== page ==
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216 matches for " Argentina":
Argentina's near-term economic outlook remains murky, as recent data has highlighted, hit by tighter financial conditions.
Recent polls in Argentina suggest that Alberto Fernández, from the opposition platform Frente de Todos, has comfortably beaten Mauricio Macri, to become Argentina's president.
Argentina's financial markets and embattled currency have been under severe pressure in recent weeks, with the ARS hitting a new record low against the USD and government bonds sinking to distress levels.
Argentina's economy continues to recover steadily.
Argentina's Q4 GDP report, released last week, underscored the severity of the recession, due to the currency crisis and the subsequent tighter fiscal and monetary policies.
Argentina's economy is on the verge of a renewed recession; available data for August and the effect of the recent financial crisis, driven by the result of the primaries, suggest that output will come under severe strain.
Argentina's economic recovery continues, but it will take some time to see output returning to pre-Covid levels, and note that the economy was suffering even before the pandemic.
Mauricio Macri, the centre-right candidate of the Cambiemos--Let's Change--coalition won Argentina's weekend presidential election. Mr. Macri, the mayor of Buenos Aires, defeated Daniel Scioli, of the ruling Front for Victory--FpV--coalition on Sunday. His victory marks the end of the 12-year Kirchnerist era, characterized by wild inflation, huge public deficits and unsustainable subsidies. If Mr. Macri lives up to his promises, Argentina, the second-largest economy in South America, will become an orthodox economy on a sustainable path. The recovery will come, we think, but it will be a long and challenging process.
Recently data from Argentina continue to signal a firming cyclical recovery. According to INDEC's EMAE economic activity index, a monthly proxy for GDP, the economy grew 4.0% year-over-year in June, up from an already-solid 3.4% in May.
Argentina's Recession Has Ended, Supporting Mr. Macri's Odds
Argentina's economy was improving late last year, albeit slowing at the margin, according to the latest published indicators. GDP data confirmed that the revival continued during most of Q4, with the economy growing 0.4% month-to-month in November.
Argentina's central bank likely will leave its main interest rate at 27.75% tomorrow at its biweekly monetary policy meeting.
In one line: Fernández victory presages dramatic change in Argentina; but a balanced Congress gives slight room for optimism.
The outlook for Argentina is gradually improving, after a long and painful recession.
Argentina's overdue policy tightening, aimed at dealing with the country's severe inflation and fiscal problems, is underway. Printing of ARS at the central bank, the BCRA, to finance the budget, deficit has slowed and will be curbed further. Welfare spending, which accounts for nearly half of government spending, has been put on the chopping block.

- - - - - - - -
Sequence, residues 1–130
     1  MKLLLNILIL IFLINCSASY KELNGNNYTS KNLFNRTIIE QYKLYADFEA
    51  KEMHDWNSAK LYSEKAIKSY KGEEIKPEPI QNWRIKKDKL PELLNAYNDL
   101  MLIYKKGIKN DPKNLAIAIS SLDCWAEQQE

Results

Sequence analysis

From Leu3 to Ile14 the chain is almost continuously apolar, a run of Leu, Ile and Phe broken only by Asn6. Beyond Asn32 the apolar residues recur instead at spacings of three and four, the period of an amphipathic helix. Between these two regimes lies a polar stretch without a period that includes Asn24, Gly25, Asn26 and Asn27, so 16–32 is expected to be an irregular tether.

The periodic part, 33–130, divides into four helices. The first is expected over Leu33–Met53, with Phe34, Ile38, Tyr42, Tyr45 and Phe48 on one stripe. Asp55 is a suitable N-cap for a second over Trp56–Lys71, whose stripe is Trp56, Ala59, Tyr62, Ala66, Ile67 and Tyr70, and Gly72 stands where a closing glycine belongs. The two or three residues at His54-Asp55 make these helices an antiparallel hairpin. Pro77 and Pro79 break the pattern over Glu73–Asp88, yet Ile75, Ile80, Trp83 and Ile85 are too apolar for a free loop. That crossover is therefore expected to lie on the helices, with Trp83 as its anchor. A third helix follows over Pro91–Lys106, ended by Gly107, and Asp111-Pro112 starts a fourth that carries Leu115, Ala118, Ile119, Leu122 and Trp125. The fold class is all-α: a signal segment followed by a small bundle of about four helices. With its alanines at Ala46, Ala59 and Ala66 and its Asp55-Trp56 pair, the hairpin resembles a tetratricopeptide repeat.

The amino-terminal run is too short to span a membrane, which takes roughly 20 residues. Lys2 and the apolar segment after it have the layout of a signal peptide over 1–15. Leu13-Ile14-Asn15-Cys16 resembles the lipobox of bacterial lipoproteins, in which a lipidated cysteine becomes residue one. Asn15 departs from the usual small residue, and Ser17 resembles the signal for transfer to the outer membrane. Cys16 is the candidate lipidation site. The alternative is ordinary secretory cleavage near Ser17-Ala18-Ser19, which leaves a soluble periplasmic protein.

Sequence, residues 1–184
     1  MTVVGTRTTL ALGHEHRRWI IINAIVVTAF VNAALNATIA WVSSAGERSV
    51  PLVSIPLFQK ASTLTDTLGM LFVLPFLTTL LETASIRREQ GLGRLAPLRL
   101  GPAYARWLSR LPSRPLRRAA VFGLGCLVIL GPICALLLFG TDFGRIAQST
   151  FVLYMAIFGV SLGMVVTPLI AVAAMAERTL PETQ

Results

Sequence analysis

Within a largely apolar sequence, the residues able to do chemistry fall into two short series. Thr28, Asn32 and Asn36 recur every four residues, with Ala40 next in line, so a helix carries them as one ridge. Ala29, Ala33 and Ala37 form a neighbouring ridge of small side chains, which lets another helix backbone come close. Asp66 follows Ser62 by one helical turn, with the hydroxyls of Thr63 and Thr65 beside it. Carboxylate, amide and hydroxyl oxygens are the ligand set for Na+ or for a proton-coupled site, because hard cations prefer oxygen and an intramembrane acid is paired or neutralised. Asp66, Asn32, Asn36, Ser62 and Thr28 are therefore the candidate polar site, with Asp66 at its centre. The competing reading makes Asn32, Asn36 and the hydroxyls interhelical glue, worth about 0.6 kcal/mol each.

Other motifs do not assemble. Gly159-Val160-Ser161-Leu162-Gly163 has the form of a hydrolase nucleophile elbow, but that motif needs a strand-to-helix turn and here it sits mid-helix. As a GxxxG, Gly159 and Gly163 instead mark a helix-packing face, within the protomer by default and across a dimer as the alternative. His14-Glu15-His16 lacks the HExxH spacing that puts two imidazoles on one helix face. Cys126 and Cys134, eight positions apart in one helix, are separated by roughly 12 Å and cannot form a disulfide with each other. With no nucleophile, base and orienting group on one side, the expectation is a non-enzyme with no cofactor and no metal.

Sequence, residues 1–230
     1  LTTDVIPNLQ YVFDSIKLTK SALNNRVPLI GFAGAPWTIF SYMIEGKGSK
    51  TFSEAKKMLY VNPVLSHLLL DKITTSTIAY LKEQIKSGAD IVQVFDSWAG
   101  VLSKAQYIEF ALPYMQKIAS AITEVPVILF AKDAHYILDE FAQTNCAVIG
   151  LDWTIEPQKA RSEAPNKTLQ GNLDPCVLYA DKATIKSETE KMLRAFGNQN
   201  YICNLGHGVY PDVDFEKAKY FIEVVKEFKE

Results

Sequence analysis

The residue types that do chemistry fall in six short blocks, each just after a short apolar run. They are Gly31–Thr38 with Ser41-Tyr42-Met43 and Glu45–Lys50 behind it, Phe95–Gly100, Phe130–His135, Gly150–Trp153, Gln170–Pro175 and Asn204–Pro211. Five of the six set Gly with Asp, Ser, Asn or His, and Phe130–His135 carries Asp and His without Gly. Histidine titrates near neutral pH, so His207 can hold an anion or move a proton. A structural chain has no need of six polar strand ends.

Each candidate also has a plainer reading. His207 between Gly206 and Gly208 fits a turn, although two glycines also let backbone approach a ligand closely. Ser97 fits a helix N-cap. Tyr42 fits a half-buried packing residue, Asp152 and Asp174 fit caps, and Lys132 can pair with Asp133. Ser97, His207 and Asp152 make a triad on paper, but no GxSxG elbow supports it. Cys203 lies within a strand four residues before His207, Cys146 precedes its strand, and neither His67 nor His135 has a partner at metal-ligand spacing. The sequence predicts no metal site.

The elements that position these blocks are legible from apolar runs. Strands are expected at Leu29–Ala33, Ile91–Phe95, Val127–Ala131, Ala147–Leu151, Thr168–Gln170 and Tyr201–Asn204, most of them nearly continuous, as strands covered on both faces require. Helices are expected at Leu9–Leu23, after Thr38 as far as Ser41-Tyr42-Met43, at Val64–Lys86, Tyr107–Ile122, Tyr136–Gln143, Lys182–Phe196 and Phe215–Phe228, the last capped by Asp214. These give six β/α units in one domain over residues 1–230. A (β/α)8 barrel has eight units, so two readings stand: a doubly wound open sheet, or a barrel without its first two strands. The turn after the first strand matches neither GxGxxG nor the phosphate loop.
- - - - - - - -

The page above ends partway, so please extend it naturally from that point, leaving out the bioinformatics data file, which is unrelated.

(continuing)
Data released last week confirm that Argentina's economy remains a mess.
Hard data released in Argentina over recent weeks showed that the economy was resilient in Q1 and early Q2.
The outlook for Argentina is improving. We expect economic growth to remain quite strong over the next year, despite a relatively soft start to 2017 and increasing external threats in recent weeks. The INDEC index of economic activity--a monthly proxy for GDP--is volatile, rising 1.9% month-to-month in March after a 2.6% drop in February, but the underlying trend is improving.
Financial markets in Brazil and Argentina have been under pressure this week, following negative news, both domestic and external. In Brazil, the Ibovespa index tumbled nearly 1.8% on Tuesday after a Senate Committee rejected the Government's labour reform bill.
The virus outbreak has been relatively limited so far in Argentina, with 820 confirmed cases, but the numbers are rising rapidly.
Argentina's Recovery Continues, but the Rebound is Facing Setbacks
Argentina's economic and financial situation has deteriorated significantly in recent weeks and the outlook is becoming increasingly bleak.
Recent data in Argentina confirm the resilience of cyclical upturn.
Data released last week in Argentina reaffirm that President Macri remains in a challenging position ahead of the October 27 presidential election.
Inflation pressure remained relatively high in Argentina last year, due mostly to the legacy of the Kirchner era. But we think inflation will ease this year, given the lagged effects of the recession and the fiscal consolidation.
Brazil and Argentina, South America's biggest economies are going through a metamorphosis. Brazil is emerging from its recession and a modest recovery is on the horizon. Exports have rebounded, thanks to the lagged effect of the BRL's sharp sell-off last year, and confidence has improved significantly in recent months. The likelihood that interim President Michel Temer will stay on as head of Brazil's government has also helped to boost sentiment.
Argentina's government continues to show signs of reining in fiscal policy, with the primary budget balance improving steadily over the last year.
Argentina's central bank unexpectedly hiked its main interest rate, the 7-day repo rate, by 300bp to 30.25% last Friday, in an unscheduled decision.
Argentina's latest hard data suggest that activity is softening, but we don't see the start of a renewed downtrend.
Hard data released in Argentina over the last month showed that the economy was struggling in early Q1, even before the Covid-19 hit.